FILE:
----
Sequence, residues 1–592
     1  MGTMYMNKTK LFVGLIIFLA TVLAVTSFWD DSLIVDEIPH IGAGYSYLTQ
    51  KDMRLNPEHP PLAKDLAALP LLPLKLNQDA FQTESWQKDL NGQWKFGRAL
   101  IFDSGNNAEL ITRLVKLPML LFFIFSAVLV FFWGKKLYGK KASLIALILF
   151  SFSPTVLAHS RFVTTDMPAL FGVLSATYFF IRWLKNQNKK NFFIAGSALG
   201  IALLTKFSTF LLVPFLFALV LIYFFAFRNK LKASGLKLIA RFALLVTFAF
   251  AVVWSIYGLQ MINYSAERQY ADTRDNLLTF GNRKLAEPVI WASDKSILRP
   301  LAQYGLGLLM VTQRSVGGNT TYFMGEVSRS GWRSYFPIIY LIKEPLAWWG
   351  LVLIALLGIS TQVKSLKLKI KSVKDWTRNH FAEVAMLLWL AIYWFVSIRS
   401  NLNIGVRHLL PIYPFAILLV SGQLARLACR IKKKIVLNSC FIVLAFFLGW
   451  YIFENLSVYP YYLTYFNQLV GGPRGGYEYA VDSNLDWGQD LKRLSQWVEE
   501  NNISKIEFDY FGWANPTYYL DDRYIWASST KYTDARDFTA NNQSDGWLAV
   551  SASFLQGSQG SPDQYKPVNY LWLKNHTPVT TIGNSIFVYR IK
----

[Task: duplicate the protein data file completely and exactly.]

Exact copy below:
Sequence, residues 1–592
     1  MGTMYMNKTK LFVGLIIFLA TVLAVTSFWD DSLIVDEIPH IGAGYSYLTQ
    51  KDMRLNPEHP PLAKDLAALP LLPLKLNQDA FQTESWQKDL NGQWKFGRAL
   101  IFDSGNNAEL ITRLVKLPML LFFIFSAVLV FFWGKKLYGK KASLIALILF
   151  SFSPTVLAHS RFVTTDMPAL FGVLSATYFF IRWLKNQNKK NFFIAGSALG
   201  IALLTKFSTF LLVPFLFALV LIYFFAFRNK LKASGLKLIA RFALLVTFAF
   251  AVVWSIYGLQ MINYSAERQY ADTRDNLLTF GNRKLAEPVI WASDKSILRP
   301  LAQYGLGLLM VTQRSVGGNT TYFMGEVSRS GWRSYFPIIY LIKEPLAWWG
   351  LVLIALLGIS TQVKSLKLKI KSVKDWTRNH FAEVAMLLWL AIYWFVSIRS
   401  NLNIGVRHLL PIYPFAILLV SGQLARLACR IKKKIVLNSC FIVLAFFLGW
   451  YIFENLSVYP YYLTYFNQLV GGPRGGYEYA VDSNLDWGQD LKRLSQWVEE
   501  NNISKIEFDY FGWANPTYYL DDRYIWASST KYTDARDFTA NNQSDGWLAV
   551  SASFLQGSQG SPDQYKPVNY LWLKNHTPVT TIGNSIFVYR IK